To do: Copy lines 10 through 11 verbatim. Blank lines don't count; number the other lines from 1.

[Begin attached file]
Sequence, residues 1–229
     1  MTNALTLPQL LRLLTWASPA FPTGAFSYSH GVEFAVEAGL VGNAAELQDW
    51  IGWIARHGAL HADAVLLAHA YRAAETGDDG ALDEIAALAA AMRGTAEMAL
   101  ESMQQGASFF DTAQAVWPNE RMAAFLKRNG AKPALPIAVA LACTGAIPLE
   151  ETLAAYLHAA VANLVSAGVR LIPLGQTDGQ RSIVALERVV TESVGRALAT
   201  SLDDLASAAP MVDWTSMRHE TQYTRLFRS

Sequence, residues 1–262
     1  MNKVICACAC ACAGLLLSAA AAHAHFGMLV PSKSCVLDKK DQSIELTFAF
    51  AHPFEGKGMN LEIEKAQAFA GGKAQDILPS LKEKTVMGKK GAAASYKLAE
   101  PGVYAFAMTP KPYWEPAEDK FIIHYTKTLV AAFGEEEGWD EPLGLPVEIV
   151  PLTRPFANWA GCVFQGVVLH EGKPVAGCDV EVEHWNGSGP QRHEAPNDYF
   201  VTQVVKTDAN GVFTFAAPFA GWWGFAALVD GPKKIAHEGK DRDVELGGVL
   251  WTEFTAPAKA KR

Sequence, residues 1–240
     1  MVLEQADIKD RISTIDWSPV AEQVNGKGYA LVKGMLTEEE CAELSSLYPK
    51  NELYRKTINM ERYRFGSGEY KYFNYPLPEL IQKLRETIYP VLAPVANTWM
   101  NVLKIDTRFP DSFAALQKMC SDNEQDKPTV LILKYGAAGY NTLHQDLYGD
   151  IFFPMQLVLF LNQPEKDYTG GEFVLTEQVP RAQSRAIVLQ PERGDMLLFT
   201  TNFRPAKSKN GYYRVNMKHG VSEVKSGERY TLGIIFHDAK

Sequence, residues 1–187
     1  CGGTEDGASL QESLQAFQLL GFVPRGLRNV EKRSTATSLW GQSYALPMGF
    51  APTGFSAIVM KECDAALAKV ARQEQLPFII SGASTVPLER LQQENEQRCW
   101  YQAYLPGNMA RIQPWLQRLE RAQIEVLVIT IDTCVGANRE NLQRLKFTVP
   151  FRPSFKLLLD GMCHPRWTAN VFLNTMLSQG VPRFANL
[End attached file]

   101  PGVYAFAMTP KPYWEPAEDK FIIHYTKTLV AAFGEEEGWD EPLGLPVEIV
   151  PLTRPFANWA GCVFQGVVLH EGKPVAGCDV EVEHWNGSGP QRHEAPNDYF